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Holodiscus discolor (photo courtesy of Denver Botanic Gardens)
Holodiscus discolor (photo courtesy of Denver Botanic Gardens)

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Zone
Zones 1-9, 14-19, 31, 32, 34, 39
Partial Sun
Partial
Regular WaterMinimal Water
Moderate, Minimal

Holodiscus discolor

Cream Bush, Ocean Spray
Rosaceae
Deciduous, Shrubs

HOLODISCUS

The most widely sold species are Western natives that are similar in appearance to closely related Spiraea. Nodding, branched clusters of many small, creamy white flowers at the branch tips in late spring or early summer make quite a show and attract birds. Flowers age to tannish gold and remain attractive for a long time. Prune by thinning after the flowers have turned brown and the clusters have withered. Use these shrubs in native plantings or rural low-maintenance gardens where they can fend for themselves.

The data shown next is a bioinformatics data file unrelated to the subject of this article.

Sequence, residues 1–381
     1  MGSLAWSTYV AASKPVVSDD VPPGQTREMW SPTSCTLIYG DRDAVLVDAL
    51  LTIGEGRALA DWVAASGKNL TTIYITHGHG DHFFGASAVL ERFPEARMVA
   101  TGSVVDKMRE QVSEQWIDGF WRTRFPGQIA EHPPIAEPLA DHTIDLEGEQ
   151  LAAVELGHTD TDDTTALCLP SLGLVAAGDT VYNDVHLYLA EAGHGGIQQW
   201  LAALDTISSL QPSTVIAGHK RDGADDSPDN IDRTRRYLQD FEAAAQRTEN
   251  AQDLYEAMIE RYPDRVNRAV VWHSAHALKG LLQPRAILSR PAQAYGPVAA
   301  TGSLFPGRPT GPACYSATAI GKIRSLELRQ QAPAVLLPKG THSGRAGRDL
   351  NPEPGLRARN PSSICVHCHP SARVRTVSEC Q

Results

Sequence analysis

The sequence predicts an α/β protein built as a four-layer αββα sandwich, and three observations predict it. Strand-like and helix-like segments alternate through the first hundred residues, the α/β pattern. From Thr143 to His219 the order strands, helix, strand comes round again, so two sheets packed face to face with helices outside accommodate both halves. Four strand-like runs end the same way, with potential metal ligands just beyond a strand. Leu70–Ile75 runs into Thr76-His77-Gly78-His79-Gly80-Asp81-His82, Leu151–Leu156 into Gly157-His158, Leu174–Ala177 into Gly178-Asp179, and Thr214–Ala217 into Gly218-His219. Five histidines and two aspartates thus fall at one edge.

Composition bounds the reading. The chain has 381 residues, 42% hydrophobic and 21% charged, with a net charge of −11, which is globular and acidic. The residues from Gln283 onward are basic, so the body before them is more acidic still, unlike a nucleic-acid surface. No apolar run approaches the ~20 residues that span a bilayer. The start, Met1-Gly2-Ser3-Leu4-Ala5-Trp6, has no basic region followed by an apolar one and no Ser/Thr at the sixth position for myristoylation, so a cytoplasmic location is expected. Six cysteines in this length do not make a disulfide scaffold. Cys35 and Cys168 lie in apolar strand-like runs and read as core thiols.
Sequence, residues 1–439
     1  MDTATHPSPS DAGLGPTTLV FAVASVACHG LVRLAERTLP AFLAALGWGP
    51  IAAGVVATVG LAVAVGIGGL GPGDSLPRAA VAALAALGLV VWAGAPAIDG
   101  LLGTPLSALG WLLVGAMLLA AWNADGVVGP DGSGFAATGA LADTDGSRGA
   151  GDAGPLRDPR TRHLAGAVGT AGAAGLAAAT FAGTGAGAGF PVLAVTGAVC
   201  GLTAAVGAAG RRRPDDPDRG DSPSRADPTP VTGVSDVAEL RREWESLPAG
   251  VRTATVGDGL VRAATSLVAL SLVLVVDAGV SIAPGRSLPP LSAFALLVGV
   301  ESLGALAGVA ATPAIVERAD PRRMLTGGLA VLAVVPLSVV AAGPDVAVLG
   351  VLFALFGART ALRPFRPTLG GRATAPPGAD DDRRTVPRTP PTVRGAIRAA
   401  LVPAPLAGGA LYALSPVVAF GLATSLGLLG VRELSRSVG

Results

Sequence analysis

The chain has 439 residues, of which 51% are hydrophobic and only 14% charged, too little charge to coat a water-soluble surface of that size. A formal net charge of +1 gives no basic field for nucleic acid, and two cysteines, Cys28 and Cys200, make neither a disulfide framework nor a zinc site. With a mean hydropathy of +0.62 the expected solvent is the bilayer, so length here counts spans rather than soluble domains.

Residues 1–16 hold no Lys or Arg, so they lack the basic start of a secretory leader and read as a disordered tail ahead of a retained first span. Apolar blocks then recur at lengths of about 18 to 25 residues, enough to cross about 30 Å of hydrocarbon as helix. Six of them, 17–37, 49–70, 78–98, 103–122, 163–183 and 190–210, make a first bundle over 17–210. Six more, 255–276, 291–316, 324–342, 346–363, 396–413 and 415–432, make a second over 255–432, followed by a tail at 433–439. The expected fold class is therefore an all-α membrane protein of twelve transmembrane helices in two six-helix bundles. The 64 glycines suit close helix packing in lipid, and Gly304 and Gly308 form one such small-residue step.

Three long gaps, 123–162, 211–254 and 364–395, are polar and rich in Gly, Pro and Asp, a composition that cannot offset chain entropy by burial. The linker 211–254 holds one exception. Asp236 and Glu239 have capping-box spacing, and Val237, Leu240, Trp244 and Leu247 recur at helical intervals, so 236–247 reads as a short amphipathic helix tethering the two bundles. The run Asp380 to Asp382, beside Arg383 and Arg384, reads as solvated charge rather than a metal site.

Holodiscus discolor

Native to the Coast Ranges, Sierra Nevada; north to British Columbia, east to the Rocky Mountains. May reach 20 ft. tall and 15 ft. wide in moist, rich soil. In dry, sunny situations, as east of the Cascades in Oregon and Washington, may grow to just 3 ft. tall and 4 ft. wide. Triangular leaves to 3 in. long are deep green above, white and hairy beneath; the edges are coarsely toothed. Creamy white flower clusters grow to about 1 ft. long.

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